Alexandrianism


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Alexandrianism

the style and theories of the Greek writers of Alexandria, 325-30 B.C., whose style was highly ornamented and obscure and favored such forms as the elegy, epigram, epyllion, and lyric and also ventured into the drama. — Alexandrianist, n., adj.
See also: Literature
the style and theories of the Greek writers of Alexandria, 325-30 B.C., whose style was highly ornamented and obscure and favored such forms as the elegy, epigram, epyllion, and lyric and also ventured into the drama. — Alexandrianist, n., adj.
See also: Greece and Greeks
References in periodicals archive ?
2) The cultural context described by Aurel Codoban is one of cultural Alexandrianism, typical of communities in Alexandria, during the period prior to the birth of Christianity, a cultural context characterized by syncretism and search for new forms to coelesce cultural expression.
Goodyear 1965, 99-100, who sees the exotic place names as the primary marker of Alexandrianism.
Initially the entanglement was not easy to discern, but the more embattled the discipline became it made explicit that an Alexandrianism has befallen the field in the form of academicism fostering creative quiescence.
Latin literature even ceased to exist independently: for Friedrich Schlegel, Virgil represented not the culmination of Latin literature but the decadent nadir of Alexandrianism.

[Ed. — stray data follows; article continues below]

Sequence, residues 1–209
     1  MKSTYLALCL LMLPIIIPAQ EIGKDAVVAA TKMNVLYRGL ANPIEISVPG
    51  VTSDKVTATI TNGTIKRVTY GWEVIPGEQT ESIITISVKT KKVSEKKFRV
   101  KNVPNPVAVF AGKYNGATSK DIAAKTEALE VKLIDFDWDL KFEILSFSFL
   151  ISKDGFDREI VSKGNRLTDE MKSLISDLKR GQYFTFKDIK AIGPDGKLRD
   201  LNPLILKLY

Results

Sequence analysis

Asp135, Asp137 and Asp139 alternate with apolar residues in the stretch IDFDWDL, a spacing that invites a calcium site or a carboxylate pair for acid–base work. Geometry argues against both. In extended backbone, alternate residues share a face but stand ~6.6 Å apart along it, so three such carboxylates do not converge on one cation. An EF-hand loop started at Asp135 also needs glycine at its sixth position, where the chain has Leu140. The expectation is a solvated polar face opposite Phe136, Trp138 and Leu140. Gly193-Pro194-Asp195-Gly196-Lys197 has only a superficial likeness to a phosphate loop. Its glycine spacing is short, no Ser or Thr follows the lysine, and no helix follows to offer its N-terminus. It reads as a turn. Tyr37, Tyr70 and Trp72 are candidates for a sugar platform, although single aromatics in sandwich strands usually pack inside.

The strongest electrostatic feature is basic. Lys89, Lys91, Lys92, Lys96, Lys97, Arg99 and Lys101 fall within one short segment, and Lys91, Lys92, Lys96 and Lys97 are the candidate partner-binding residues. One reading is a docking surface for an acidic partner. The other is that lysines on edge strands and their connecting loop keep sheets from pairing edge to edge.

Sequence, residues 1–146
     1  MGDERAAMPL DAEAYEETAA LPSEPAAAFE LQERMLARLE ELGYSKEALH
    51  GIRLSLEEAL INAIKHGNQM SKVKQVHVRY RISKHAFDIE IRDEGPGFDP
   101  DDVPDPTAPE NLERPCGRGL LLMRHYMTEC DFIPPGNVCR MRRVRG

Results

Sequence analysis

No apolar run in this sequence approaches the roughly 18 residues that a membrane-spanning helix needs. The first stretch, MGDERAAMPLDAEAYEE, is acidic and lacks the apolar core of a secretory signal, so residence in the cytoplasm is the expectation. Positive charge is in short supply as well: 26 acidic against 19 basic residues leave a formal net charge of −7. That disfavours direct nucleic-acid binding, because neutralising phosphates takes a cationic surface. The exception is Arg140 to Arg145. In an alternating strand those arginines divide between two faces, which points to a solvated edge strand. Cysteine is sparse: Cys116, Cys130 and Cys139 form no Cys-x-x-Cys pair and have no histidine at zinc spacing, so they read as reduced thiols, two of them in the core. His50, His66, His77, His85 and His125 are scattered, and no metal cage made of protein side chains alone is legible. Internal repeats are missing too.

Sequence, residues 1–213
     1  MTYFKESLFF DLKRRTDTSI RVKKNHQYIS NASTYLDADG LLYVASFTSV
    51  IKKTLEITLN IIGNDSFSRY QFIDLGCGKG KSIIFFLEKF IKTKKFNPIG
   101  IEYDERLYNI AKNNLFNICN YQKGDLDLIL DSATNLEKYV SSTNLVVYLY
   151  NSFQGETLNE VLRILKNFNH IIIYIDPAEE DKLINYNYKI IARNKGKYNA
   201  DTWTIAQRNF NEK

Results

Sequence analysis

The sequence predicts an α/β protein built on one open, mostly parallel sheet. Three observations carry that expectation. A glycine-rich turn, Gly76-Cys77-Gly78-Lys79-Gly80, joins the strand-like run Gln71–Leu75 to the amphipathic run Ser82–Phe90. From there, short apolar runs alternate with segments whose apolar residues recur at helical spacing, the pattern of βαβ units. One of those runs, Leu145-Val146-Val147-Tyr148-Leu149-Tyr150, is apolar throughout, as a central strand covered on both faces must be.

Her sensationalism has become "motionless Alexandrianism," as Clement Greenberg called it; that is, the mechanical repetition of cliche.
70) This is not to suggest that by parodying Maecenas Petronius was also poking fun at Nero: as Mayer and others have demonstrated, Alexandrianism remained a dominant literary influence after the time of Augustus.
57) That any of this should have been lost on an ardent adherent of Alexandrianism seems unlikely.
Still, perhaps the time has come for this kind of alexandrianism.
16) Peter Knox argues that the Speech of Pythagoras may be taken as a symptom of Ovid's Alexandrianism, pointing to Callimachus' use of Pythagoras in his poetry;(17) the Apollonian imitations of Empedocles show that in using this model as well Ovid continues an Alexandrian interest in earlier scientific poetry.